We conducted the study in an 18-bed medical/surgical ICU in a teaching hospital (Onze Lieve Vrouwe Gasthuis Hospital, Amsterdam, the Netherlands). This unit admits approximately 1,900 patients annually; approximately 1,100 of these patients had recent cardiothoracic surgery. The medical staff has sole direct supervisory responsibility for patients admitted to the unit. This staff includes five permanent intensivists and six intensive care fellows (who work for as long as two years in the unit). A physician is always present on the unit. The nursing staff consists of 93 nurses working in eight-hour shifts. The patient-to-nurse ratio is normally 1:2 but varies with the severity of the patient's illness.
The hospital unit achieved full CIS implementation on April 1, 2001. The staff uses the CIS to complete all patient charting and documentation, such that no information has paper as its primary storage mechanism. The system is connected to the bedside monitor (Siemens SC8000; Siemens-Elema, Solna, Sweden), the ventilator (Siemens Servo 300, Dräger Evita II, Dräger Evita IV; Dräger, Lübeck, Germany), the medication pumps (P1000; Alaris Medical, San Diego, CA), and the Hospital Information System (HIS). Each bed is equipped with a CIS workstation. Every patient room (containing two beds) has an additional CIS workstation. The central desk and the physicians' room also contain workstations.
Prior to the study, health care workers performed glucose regulation ad hoc; “acceptable” glucose levels were between 10 and 12 mmol/L. The compelling and growing body of evidence in the literature regarding the adverse effects of this practice made it imperative to develop a guideline for strictly regulating patient glucose levels. We analyzed existing guidelines, consensus methods, and published evidence to develop the guideline. The guideline recommends the timing between glucose measurements and the administration of insulin doses. The guideline does so uniformly in both diabetic and nondiabetic patients. Guideline activation occurs for any patient with an expected length of stay (LOS) longer than 24 hours and for all patients with a preexisting diagnosis of diabetes mellitus. Exclusion (or deactivation) criteria for guideline usage included induced hypothermia, administration of glucose-insulin-potassium infusions, and normal eating. The guideline could be reactivated when exclusion criteria no longer applied. The nursing staff has responsibility for executing the guideline. Further details on the guideline and its development are beyond the scope of this article ( shows the first page of the guideline).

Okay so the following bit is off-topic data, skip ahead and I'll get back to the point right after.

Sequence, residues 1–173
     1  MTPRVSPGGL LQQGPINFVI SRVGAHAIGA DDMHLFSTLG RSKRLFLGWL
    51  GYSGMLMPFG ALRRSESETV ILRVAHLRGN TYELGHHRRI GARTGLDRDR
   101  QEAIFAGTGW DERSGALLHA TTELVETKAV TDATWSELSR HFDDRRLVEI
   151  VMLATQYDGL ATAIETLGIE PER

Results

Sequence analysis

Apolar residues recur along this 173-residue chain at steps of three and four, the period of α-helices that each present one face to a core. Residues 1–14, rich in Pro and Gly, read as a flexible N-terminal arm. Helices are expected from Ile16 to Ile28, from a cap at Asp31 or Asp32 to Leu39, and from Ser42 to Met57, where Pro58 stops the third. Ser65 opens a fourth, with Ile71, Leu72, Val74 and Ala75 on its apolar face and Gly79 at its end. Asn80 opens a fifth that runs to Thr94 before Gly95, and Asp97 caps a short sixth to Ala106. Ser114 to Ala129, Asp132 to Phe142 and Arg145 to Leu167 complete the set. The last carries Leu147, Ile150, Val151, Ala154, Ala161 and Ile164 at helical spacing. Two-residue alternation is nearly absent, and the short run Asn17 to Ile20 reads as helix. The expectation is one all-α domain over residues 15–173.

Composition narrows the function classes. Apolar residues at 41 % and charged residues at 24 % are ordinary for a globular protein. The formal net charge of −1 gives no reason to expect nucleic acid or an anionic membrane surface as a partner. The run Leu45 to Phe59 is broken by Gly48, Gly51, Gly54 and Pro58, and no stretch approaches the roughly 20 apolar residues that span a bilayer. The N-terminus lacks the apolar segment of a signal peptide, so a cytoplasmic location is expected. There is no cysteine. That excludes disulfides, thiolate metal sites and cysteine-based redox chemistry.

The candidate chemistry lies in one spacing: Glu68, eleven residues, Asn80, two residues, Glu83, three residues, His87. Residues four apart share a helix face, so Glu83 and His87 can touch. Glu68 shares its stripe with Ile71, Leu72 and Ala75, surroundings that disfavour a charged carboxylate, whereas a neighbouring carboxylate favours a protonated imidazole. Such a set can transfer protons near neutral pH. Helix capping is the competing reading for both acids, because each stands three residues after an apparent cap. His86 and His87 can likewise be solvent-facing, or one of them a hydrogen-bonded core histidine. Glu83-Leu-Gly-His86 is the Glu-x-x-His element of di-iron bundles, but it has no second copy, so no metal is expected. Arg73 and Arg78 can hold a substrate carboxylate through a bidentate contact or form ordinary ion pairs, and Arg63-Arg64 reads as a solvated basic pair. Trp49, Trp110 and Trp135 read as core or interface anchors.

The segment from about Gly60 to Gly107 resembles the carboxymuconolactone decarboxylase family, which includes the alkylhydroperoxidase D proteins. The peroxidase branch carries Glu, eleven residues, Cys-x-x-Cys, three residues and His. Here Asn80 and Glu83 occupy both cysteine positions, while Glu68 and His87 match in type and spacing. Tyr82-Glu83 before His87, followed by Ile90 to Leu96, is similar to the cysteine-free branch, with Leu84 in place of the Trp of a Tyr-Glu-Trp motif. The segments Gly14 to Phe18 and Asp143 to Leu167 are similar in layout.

Sample guideline segment (page 1 of 4).
To prevent disparities caused by different glucose measuring methods (laboratory versus handheld devices, whole blood sampling versus plasma sampling), clinical staff performed all measurements with the Accu-check, a handheld glucose measurement device. The laboratory computer interface conveys Accu-check results to the CIS. Consequently, the CIS can display and process all values directly after their measurement with a maximum delay, introduced by the interface, of 1 minute. The Institutional Ethics Committee reviewed the study protocol. The committee waived requirements for informed consent because the study involved different methods of introducing the same guideline for the same treatment in all study groups.
The study included three distinct periods with an off-on-off design. The design allows for estimation of bias through crossover and learning effects. After extensive training and the initial introduction of the guideline, there was a two-week prestudy period (with no data collection). During this period, researchers fine-tuned the guideline, and staff continued to familiarize themselves with the new guideline. The actual first study period then lasted six weeks and involved continued use of the paper-based guideline (paper implementation group [group A]). A ten-week second study period followed during which patients were randomly assigned to either the computerized- or the paper-based version of the guideline (computerized [B1] and control [B2] groups, respectively). During the third and final four-week study period, treatment reverted to paper-based guideline utilization (postintervention group [group C]). Additionally, we collected data over an eight-week period directly prior to the guideline introduction. These data provided baseline characteristics for the level of glucose measurements (preimplementation period [group R]). The duration of the third (postintervention) study period was limited because the study was performed as part of a master's thesis project.
During the second study (intervention) period, all patients admitted to the ICU were randomly assigned to a study group based on their “internal” patient number. The CIS automatically generates the number, which is not visible to the user. Researchers did not reveal the randomization method to the staff. Only after a patient was admitted to the CIS would the study group (paper-based vs. computerized guideline utilization) be displayed. Authors only used data from those patients and periods when the guideline was activated for study analyses (see activation and exclusion criteria in the Setting section).